Remembering Sandy Widener

In journalism, "30" means the end. But after thirty years, it's not easy to let somebody go.

Weeks later, I find myself driving down the street and, inexplicably, something will remind me of him — something so simple as a tree — and I'll find myself blurring with tears.

It's not easy to let somebody go.

In December 1984, Sandra Widener, one of Westword's co-founders, wrote a stunning piece for the Denver Post, the paper where she was then working, on the death of a friend, lawyer Jonathan Olom. Reading through "The Death of a Friend," I'm reminded of several things. That Sandy was a hell of a writer, and that she did a remarkable job of capturing the spirit of a man who died way too early. A job so good that Jonathan lives on through her words. And now she does, too.

It's not easy to let somebody go.

I met Sandy the very first day of our freshman year at Cornell University, where we were both assigned to the second floor of Dorm 4, a hideous cinderblock building at the bottom of an even more hideous hill. Since the other four floors were filled with boys, our floor bonded fast. Sandy was fresh from Texas, a tiny blonde in even tinier hot pants, with a big personality. She could be feisty and fierce — particularly when people didn't take a tiny Texan in hot pants seriously — but she was also a hell of a lot of fun. She loved to laugh — everything from a piercing shriek to a raucous hoot to a tee-heeing titter when she was particularly tickled. She would laugh so hard that she'd hug herself and cry, her eyes shining like stars.

It was Sandy who got me into journalism — she joined the Cornell Daily Sun, an independent daily in Ithaca, New York, and encouraged me to do the same. By our junior and senior years, we were spending endless nights in a ramshackle building downtown, listening to the old AP machine, drinking wretched coffee and talking — sometimes about politics, but often about nothing so high-minded — with other Sun addicts.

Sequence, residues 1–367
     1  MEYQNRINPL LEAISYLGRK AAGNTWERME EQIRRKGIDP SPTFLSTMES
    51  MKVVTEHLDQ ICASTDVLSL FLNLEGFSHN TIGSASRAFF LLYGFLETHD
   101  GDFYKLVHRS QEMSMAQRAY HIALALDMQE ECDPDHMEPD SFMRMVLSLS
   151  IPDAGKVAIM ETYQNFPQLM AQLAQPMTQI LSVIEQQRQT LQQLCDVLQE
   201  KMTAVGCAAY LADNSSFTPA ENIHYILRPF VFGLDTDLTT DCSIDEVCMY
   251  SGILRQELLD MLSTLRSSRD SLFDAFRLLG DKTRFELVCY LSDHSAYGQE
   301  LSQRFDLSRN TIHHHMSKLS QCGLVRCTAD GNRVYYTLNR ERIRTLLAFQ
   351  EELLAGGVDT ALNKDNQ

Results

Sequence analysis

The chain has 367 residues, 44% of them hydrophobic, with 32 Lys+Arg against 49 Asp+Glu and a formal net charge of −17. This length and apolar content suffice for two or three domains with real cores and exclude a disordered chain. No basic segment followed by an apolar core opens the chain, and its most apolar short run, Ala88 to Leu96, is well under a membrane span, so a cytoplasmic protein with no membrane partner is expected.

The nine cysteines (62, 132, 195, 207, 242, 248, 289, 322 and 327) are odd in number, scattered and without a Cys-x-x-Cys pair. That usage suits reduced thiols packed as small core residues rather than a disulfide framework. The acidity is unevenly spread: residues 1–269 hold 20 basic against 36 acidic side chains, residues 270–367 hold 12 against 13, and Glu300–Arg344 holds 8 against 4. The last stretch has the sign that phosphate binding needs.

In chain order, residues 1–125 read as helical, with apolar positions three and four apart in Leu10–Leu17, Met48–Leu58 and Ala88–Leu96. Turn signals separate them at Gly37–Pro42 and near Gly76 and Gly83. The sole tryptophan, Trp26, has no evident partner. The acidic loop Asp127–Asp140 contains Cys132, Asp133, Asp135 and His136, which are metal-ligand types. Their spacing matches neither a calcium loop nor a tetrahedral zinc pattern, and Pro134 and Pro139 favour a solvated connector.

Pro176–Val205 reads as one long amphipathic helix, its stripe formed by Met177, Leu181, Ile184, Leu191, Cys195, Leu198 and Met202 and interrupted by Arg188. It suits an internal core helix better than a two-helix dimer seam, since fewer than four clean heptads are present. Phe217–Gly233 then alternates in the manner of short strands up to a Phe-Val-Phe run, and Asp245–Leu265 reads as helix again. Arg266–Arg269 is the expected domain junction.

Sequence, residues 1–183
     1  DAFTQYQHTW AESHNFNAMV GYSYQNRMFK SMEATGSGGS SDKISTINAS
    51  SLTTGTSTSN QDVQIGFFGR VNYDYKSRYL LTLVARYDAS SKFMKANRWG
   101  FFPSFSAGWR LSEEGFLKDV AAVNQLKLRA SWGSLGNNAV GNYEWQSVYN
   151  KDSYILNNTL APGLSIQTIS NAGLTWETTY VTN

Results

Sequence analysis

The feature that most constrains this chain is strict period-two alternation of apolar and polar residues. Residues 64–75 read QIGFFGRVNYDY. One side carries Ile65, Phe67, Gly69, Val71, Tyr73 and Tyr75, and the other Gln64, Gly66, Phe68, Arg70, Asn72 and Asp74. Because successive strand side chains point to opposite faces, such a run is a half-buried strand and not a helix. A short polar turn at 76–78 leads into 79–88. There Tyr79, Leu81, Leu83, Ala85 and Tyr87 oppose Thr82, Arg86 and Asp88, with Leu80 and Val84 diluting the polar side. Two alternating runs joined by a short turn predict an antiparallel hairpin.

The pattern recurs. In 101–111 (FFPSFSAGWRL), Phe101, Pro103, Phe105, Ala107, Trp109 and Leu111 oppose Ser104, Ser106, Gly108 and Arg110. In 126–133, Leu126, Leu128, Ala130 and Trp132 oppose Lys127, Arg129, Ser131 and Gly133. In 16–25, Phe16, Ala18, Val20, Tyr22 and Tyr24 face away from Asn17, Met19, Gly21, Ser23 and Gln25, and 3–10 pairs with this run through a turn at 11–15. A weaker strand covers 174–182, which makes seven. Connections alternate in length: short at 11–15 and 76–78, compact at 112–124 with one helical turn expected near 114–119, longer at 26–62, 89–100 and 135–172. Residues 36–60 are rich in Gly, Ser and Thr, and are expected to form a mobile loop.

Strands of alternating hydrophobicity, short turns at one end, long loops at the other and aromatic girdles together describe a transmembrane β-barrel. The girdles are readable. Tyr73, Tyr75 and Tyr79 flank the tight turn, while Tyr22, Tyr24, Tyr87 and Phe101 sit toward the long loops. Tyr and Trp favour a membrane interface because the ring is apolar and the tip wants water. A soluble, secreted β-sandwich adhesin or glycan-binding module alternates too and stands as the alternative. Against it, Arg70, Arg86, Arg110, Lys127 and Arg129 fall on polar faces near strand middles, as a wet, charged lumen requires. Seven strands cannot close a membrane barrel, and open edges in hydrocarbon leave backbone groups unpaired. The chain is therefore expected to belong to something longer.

And I got Sandy to Denver: After graduation, fellow Sun alum Rob Simon and I started a newspaper on Long Beach Island, New Jersey, then fled after one smelly, exhausting summer, leaving that paper to another friend and coming to Denver to start a free weekly because when I'd been here to ski, I thought the state seemed so much more interesting than the media made it look. Sandy, who'd spent the summer in Indonesia, signed on to join our harebrained adventure.

John Parr was a major reason that Colorado was so very interesting, but we didn't know it at the time.

We started Westword with little money and less sense. For the first issue — most of whose copies never made it out of our garage because we hadn't quite finished setting up a circulation system — we reported on TV weathermen and the energy boom and Star Wars, still packing them in on Colorado Boulevard. Sandy wrote about Pop Rocks — isolated Denver was a big test market before the Internet started blurring boundaries — and a migrant food fund that was running out of money. She was a serious journalist, but she was also an unstoppable force of nature. She'd streak across the office, leaving chaos in her wake. She was like a comet, Rob said.

And then the comet found her orbit. John Parr had made a name for himself as the smart-growth strategist who'd stopped the Olympics from coming to Colorado, then helped Dick Lamm get elected governor of Colorado. By the late '70s, he was heading Lamm's Front Range Project, looking at the future of the metropolitan area. Sandy went to interview him.

"I love him," she said when she returned to the Westword office, tittering and hugging herself, her eyes crinkling into stars. And for almost thirty years, her life would revolve around the world they created together. The tough cookie had crumbled.

"It's not the end of everything, but whatever happens next does not take the form of these goofy little bodies and personalities we're stuck with now. I don't think we'll come back to Earth; there are too many other interesting places to be. Why would you think that the best thing would be to come back here and be on Earth again? It's kind of like saying, I'm afraid to go up the block, afraid to leave the neighborhood."